Antique 19th-century Chinese Pith Painting, Prisoners before Magistrate
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An original 19th-century watercolour painting, Antique 19th-century Chinese Pith Painting Prisoners before Magistrate.
This vibrant watercolour on pith depicts two figures kneeling before a man seated at an ornate desk. The pith is tipped on to a backing sheet at the four corners. Inscribed below on the backing is: "Prisoners before Magistrate".
The judicial theme of this souvenir painting is not immediately obvious, given its bright colours and decorative motifs. The prisoners appear ornately dressed. The image is perhaps an idealised one recreated for its Western viewer, rather than being entirely realistic.
There is discolouration at the corners where the pith paper is glued down. Very small losses at the edges as shown, and a hairline crack at the upper left corner.
9.1cm x 5.8cm.
This painting on pith forms part of a larger collection we have acquired which was contained in a single album. The collection comprises a large variety of traditional subjects including flowers, insects, shells, landscapes, junk boats, musicians, lantern carriers and torture scenes. By virtue of having been kept in an album, these pith paintings have retained their characteristic vibrancy, and many are in remarkably good condition.
Delicate pith paintings by local Chinese artists were collected by Western travellers and merchants from around 1825 onwards. By 1833 the monopoly of trade by the English East India Company had come to an end, opening the China trade to dozens of British companies and seeing the number of merchants and volume of trade flourish. Paintings on pith were produced in port cities to meet the Western demand for local Chinese souvenirs. Relatively inexpensive and conveniently portable, they were often glued into albums to provide protection on the long voyage home.
Typically the paintings would depict attractive local subjects such as cultivated flora, indigenous birds and insects, and local trades, customs and costumes. The painting style would combine a traditional Chinese approach of flattened sweeps of colour with aspects of Western influence in detail and realism.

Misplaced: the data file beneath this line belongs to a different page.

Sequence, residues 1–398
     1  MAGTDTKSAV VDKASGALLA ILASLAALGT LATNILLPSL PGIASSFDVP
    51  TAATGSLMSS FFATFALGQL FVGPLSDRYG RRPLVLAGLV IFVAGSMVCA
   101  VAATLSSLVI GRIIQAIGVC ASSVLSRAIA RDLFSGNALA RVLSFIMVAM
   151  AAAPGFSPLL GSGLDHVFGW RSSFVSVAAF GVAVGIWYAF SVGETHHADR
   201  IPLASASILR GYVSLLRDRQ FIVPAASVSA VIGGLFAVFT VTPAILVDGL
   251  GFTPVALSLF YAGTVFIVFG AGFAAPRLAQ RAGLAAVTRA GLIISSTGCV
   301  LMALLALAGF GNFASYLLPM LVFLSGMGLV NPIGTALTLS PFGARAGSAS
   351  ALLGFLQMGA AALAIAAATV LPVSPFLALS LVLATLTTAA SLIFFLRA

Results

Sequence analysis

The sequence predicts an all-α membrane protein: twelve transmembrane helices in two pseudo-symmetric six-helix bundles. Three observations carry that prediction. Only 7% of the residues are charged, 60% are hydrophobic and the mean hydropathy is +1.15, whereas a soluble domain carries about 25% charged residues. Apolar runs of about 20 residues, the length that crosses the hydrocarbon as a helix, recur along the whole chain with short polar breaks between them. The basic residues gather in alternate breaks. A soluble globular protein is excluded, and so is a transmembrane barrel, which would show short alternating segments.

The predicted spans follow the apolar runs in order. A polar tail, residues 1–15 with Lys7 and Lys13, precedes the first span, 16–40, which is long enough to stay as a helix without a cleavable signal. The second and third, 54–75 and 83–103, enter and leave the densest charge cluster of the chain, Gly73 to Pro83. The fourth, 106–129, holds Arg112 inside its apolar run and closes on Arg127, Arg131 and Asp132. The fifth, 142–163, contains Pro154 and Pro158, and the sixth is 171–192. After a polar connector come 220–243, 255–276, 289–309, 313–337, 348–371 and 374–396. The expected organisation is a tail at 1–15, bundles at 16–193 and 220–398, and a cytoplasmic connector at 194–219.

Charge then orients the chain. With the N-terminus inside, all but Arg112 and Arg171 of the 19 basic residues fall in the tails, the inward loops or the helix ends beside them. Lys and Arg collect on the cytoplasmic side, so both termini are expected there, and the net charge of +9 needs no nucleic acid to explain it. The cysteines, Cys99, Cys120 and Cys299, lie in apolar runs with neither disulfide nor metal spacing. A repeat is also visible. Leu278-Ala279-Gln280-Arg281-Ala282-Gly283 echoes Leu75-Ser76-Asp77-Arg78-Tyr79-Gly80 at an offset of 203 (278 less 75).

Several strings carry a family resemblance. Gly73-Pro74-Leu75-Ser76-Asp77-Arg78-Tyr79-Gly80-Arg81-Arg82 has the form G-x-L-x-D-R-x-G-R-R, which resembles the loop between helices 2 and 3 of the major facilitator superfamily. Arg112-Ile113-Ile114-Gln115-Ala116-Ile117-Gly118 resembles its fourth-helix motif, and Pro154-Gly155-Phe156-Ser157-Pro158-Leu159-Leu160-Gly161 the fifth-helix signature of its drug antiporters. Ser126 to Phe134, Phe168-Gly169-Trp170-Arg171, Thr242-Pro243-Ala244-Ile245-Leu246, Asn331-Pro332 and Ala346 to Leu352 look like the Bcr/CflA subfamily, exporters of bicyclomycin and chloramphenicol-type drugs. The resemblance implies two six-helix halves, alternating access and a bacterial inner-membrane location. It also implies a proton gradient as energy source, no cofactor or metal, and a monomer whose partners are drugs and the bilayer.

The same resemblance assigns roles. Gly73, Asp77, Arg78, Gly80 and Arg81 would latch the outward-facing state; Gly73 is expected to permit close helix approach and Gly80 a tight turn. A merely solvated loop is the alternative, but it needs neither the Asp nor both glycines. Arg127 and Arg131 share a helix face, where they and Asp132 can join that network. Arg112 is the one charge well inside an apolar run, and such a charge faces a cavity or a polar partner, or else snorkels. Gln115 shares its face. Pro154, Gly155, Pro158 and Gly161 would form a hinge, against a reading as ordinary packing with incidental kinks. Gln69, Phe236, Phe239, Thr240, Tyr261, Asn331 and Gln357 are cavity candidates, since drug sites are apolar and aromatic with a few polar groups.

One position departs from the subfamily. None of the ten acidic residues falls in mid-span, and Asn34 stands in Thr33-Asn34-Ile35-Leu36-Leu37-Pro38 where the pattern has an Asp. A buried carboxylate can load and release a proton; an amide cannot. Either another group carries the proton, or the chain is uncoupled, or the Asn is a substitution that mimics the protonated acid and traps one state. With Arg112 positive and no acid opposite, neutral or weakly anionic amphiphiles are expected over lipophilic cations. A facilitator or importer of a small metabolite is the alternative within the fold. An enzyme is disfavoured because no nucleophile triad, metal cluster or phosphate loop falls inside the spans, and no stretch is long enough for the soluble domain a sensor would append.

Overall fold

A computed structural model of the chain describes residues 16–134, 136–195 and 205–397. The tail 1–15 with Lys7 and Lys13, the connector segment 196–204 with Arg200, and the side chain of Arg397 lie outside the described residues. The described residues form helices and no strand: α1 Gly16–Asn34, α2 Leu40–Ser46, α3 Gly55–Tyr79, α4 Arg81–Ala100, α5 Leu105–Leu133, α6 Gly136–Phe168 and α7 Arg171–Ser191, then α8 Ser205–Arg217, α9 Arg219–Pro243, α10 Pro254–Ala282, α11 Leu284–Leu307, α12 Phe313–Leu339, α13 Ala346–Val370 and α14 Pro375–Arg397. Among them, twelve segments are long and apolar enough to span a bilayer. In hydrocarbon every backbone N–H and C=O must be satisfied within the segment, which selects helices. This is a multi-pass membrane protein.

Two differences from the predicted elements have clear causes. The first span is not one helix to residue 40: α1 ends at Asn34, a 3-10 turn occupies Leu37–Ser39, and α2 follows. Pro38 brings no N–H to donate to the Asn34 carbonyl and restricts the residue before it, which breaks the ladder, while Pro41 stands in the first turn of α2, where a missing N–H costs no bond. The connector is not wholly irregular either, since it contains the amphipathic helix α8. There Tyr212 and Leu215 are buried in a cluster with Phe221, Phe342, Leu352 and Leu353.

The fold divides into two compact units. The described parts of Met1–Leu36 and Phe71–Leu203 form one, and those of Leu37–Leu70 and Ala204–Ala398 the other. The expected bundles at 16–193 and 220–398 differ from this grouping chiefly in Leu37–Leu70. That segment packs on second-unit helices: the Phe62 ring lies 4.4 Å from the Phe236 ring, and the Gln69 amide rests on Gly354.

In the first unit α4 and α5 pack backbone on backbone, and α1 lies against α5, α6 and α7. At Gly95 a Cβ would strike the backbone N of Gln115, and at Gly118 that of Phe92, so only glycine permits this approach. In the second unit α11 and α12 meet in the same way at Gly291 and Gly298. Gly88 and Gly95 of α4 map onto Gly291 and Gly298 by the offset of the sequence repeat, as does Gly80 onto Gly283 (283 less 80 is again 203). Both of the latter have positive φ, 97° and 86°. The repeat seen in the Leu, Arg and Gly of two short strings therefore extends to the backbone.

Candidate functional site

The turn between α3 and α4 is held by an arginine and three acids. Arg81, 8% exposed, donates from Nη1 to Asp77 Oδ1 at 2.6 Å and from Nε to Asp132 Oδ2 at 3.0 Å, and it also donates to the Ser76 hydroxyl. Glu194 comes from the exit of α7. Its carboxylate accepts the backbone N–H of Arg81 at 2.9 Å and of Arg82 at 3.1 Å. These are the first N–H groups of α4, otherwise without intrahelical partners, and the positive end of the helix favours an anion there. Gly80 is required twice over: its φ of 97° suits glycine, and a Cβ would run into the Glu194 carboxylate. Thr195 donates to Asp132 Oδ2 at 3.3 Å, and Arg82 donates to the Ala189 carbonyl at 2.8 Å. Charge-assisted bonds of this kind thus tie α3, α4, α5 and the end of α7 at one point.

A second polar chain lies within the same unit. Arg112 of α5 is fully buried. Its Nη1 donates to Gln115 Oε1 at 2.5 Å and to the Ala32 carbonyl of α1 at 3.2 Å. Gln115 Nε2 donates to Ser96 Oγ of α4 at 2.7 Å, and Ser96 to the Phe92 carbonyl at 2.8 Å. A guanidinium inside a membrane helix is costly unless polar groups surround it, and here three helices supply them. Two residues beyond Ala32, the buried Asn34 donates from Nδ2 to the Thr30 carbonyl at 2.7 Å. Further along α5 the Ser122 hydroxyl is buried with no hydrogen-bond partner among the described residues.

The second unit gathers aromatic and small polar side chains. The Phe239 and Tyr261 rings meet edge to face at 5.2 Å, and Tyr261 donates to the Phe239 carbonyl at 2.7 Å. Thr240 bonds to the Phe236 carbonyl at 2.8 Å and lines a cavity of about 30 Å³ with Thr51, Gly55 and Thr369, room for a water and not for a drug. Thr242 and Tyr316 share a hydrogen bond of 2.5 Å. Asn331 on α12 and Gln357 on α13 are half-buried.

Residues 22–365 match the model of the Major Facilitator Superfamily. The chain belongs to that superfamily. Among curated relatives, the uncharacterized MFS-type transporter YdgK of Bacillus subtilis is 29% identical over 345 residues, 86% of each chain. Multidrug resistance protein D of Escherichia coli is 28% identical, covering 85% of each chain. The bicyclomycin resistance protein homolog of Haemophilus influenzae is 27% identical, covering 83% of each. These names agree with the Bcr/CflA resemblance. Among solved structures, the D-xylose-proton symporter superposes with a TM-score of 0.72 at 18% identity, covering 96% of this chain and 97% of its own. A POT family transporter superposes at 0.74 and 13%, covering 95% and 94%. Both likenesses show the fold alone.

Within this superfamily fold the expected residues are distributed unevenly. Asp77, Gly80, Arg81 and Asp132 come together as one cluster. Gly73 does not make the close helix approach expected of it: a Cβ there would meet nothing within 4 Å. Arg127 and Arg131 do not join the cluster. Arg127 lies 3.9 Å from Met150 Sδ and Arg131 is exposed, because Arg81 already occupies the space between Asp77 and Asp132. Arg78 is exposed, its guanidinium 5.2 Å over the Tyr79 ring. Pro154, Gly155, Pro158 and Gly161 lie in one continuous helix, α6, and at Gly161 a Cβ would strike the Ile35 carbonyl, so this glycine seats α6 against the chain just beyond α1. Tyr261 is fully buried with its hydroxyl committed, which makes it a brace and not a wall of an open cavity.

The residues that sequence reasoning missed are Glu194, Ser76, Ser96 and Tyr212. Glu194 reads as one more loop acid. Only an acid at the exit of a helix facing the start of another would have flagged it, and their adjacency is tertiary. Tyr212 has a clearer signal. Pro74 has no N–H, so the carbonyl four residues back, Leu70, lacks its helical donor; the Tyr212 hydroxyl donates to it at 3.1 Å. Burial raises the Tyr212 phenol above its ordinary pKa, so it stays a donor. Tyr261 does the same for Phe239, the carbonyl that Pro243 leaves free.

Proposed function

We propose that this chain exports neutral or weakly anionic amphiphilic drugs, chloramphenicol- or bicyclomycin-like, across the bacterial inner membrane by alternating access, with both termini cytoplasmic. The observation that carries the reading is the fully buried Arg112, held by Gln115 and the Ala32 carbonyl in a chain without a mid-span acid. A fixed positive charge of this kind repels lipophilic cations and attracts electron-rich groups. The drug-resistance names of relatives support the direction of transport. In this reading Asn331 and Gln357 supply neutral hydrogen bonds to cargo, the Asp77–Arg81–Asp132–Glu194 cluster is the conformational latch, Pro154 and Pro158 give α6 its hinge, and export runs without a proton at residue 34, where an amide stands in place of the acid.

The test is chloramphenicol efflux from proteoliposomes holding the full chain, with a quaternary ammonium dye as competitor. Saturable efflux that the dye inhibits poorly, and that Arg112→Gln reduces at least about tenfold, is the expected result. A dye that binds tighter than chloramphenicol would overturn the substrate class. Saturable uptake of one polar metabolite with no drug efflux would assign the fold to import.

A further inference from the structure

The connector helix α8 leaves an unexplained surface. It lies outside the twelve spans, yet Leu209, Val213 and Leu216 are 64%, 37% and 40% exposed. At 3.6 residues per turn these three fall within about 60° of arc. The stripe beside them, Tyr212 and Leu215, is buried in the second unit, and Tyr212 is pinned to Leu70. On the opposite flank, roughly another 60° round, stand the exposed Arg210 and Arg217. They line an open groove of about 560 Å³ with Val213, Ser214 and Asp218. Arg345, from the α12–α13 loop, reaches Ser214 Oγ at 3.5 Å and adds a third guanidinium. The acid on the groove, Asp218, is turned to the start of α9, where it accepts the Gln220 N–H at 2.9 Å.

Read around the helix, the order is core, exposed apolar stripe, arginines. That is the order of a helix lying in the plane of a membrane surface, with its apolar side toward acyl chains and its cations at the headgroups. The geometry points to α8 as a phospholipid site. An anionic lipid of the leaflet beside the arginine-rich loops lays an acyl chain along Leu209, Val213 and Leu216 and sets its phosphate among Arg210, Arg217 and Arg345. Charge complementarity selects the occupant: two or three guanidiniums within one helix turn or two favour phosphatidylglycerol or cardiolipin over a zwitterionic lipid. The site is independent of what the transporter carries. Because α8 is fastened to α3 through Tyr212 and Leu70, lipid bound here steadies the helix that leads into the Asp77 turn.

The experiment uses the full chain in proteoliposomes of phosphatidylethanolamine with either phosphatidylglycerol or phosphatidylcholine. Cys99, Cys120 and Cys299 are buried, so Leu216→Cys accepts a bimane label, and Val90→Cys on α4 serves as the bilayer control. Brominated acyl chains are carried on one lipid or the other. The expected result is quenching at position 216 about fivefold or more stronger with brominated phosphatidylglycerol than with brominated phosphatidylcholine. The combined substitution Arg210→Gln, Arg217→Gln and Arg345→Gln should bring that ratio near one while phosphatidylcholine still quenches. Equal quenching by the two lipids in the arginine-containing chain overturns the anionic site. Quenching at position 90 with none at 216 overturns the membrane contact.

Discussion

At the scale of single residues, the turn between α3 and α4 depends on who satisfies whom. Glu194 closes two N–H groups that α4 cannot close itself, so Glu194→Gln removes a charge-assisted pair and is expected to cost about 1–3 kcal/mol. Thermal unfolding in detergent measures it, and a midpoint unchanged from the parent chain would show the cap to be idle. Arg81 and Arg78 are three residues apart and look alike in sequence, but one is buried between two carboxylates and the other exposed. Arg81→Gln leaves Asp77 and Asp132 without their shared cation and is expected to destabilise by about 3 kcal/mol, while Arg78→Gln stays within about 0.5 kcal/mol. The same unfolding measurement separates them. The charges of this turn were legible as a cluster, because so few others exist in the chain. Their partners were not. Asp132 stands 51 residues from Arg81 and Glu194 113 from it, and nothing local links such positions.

Pith paper behaves very differently from conventional rag or woodpulp paper. Rather than being plant fibres matted together into a layer, pith is composed of plant cells sliced directly from the inner tissue of the Tetrapanex papyrifera plant, native to Southern China and Taiwan.
This unique composition makes it extremely vulnerable to damage by moisture and other environmental factors, becoming very brittle over time and subject to distinctive cracking. It is rare, therefore, that such paintings survive in pristine condition. Being routinely tipped onto album pages, they also often bear glue marks and related discolouration.
Pith also behaves unlike conventional paper as a painting support. Watercolour and gouache paint readily absorb into the plant cells of the pith to create a rich, velvety depth of colour, and then paint pools in relief on the surface, producing exquisitely vibrant raised details, of sparkling, jewel-like intensity.
Pith paintings are a fascinating record of the history, activities and socio-cultural exchanges taking place between China and the West in the 19th century. The juxtaposition of robust vibrancy of paint and translucent fragility of support is an enchanting combination prized by collectors around the world.